College Matters | Five lessons from Talk Humboldt radio show

This article was originally posted in the College Matters column of the Times-Standard.

Thursday, September 28, 2023 - 1:30pm

A few years ago, Dr. Keith Flamer, president of College of the Redwoods, and I first talked about projects we wanted to do together. We both share this column every other week, so that is one project. Our two campuses are doing dozens of things together as well — socials, the health care education hub, and academic programs to name just a few. However, there was more to do. One of the more interesting ideas was to do a talk radio show. That was the beginning of an internationally acclaimed, world-renowned show, “Talk Humboldt with Keith & Tom.”

As higher education leaders, we often get to have interesting conversations with all kinds of people, and we want others to enjoy hearing from these individuals. On Talk Humboldt, which airs on KHSU, leaders of various types share what they do every day, what they care about, and what important efforts they’re involved with. There’s no “gotcha!” and we pretty much let guests take the lead as far as specific topics. We basically go with the direction the person leads us in our effort to learn about what they are doing and how we can inform the community. It’s turned out to be just as much fun as we expected, and we’re getting started on a second season.

Making Talk Humboldt has taught me quite a bit about the North Coast and the people who live here. It has also reinforced some important themes and lessons.

Five takeaways

There is a strong commitment to place on the North Coast >> We literally had to take an emotional break partway through our talk with Wiyot Tribal Chair Ted Hernandez. He had been telling us about the Wiyot connection to the area’s natural environment and specifically about the importance of regaining Tuluwat Island. At a previous interview, former Eureka Mayor Susan Seaman shared her love of the natural surroundings and people. We heard similar sentiments from longtime local leader Alex Stillman and others.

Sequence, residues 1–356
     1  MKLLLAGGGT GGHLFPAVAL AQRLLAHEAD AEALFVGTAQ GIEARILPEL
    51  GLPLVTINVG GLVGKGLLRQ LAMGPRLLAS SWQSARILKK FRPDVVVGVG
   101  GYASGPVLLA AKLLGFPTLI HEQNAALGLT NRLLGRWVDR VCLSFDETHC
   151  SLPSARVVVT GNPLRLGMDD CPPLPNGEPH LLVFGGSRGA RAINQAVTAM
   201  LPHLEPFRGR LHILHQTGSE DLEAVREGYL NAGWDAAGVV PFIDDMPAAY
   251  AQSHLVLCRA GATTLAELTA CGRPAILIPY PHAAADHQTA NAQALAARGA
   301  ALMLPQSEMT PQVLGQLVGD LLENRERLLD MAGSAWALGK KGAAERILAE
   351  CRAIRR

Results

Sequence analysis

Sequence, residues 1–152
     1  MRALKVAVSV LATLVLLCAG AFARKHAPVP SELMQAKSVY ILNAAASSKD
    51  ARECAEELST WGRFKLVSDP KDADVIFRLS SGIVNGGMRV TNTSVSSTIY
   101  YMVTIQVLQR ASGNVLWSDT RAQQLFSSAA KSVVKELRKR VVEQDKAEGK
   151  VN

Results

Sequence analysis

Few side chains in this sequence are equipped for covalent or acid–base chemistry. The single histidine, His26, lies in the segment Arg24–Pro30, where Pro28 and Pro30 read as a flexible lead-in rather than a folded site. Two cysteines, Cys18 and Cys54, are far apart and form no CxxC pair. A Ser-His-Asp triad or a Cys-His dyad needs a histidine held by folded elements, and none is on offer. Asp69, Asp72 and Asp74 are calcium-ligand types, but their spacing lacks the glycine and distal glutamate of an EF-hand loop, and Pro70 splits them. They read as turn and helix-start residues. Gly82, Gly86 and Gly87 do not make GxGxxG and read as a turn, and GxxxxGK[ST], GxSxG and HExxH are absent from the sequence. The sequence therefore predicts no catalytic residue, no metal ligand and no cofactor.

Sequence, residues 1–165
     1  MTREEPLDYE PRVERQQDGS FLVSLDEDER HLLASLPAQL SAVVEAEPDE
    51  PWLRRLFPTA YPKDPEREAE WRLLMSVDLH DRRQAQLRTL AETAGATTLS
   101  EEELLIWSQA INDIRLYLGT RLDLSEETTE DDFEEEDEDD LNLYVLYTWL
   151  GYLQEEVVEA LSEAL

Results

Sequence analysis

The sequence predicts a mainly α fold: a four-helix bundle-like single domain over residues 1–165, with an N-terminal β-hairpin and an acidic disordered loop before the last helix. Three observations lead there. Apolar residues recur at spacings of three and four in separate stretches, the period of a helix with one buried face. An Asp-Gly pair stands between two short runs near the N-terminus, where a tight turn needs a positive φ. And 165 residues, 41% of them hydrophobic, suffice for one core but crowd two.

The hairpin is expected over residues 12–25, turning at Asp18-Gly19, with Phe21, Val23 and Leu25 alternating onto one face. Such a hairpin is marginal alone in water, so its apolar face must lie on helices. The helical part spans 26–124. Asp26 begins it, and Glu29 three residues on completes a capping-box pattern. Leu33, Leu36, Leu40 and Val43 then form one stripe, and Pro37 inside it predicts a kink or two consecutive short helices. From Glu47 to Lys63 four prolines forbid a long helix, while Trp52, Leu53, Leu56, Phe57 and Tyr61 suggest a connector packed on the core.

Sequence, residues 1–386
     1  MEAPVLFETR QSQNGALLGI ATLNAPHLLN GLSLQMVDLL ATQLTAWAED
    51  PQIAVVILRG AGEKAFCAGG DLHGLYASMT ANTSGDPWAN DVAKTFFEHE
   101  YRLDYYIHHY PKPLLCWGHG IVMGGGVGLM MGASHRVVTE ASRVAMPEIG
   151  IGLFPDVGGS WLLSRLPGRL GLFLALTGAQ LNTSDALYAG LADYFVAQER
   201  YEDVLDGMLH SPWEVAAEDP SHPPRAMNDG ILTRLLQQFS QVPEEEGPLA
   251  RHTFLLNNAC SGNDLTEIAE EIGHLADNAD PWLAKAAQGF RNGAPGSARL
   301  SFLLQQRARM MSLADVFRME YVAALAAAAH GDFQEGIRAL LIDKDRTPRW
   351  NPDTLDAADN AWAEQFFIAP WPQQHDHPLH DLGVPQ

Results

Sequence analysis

The North Coast punches above its weight >> We have a small population spread across a lot of space in a relatively isolated area. Even so, we have people and businesses and initiatives with national presence. Adam Dick and Dustin Taylor told us about Dick Taylor Craft Chocolate growing into its national status. Blake Alexandre shared how Alexandre Farms became the First Certified Regenerative Dairy in the country. Rosa Dixon at Natural Decadence shared how the business went from start-up to selling gluten-free products in more than 3,000 stores nationwide.

Somebody has ideas and solutions >> Dr. Alberto Taylor told us quite a bit about being a dentist, and also shared thoughts on the big-picture challenges of insurance and the number of providers in our area. Natalynne Delapp of the Humboldt County Growers Alliance has big ideas on everything from policy choices to marketing strategy. Matthew Marshall of the Redwood Coast Energy Authority guides programs on the ground and also has a strong sense of global trends and technologies. Melanie McCavour, the Tribal Historic Preservation Officer for the Bear River Band of the Rohnerville Rancheria, talked about cultural resources being not just “things in the ground” but many types of resources like language or particular natural settings. Cody Roggatz shared more than a few plans and ideas for the future of Humboldt County airports.

Our neighbors are surprisingly funny >> Sometimes a quip or a side comment makes it through the editing process and on to the radio. Sometimes we just have to edit it out. But I have to say, the bright and very busy people we have talked to also tend to be very funny. While the interviews are shortened, the longer full-length versions will one day be available online, and the humor of the interviews will really come out.

Living here means working together and being creative >> Jason Ramos and Blue Lake Rancheria are leaders in sustainability, with projects like their innovative micro-grid project (designed with the help of Cal Poly Humboldt’s Schatz Energy Research Center). Looking ahead, there are opportunities for the Rancheria and Humboldt to collaborate with Charles Darwin University in Australia, which has similar expertise. Amy Bohner talked to us about the local community, wild yeast, and more that has helped Alchemy Distillery succeed.

In talking about this show, it must also be mentioned the importance of integrity, editing, and team support. Mike Dronkers is the secret behind the show’s success. His ability to help us find guests, build honest and trusting relationships with those guests, and then edit a program that is respectful and informative is amazing. In addition, all the Talk Humboldt guests have been very kind, and their willingness to participate in the show is greatly appreciated. Doing the show has helped me learn more about the North Coast and how our Cal Poly Humboldt can continue to support and inspire this region. Season Two has just begun.

Be kind.

Talk Humboldt airs every other Thursday and Friday on KHSU 90.5. The longer 8-minute version runs four times during All Things Considered on Thursday — 2:50 p.m., 3:50 p.m., 4:50 p.m., and 5:50 p.m. The shorter version runs four times during Morning Edition on Friday, with the first one at 5:45 a.m. The episodes are all available online at There are also episodes along with some extended versions near the bottom of the President’s Office website at

Dr. Tom Jackson Jr. is the president of Cal Poly Humboldt.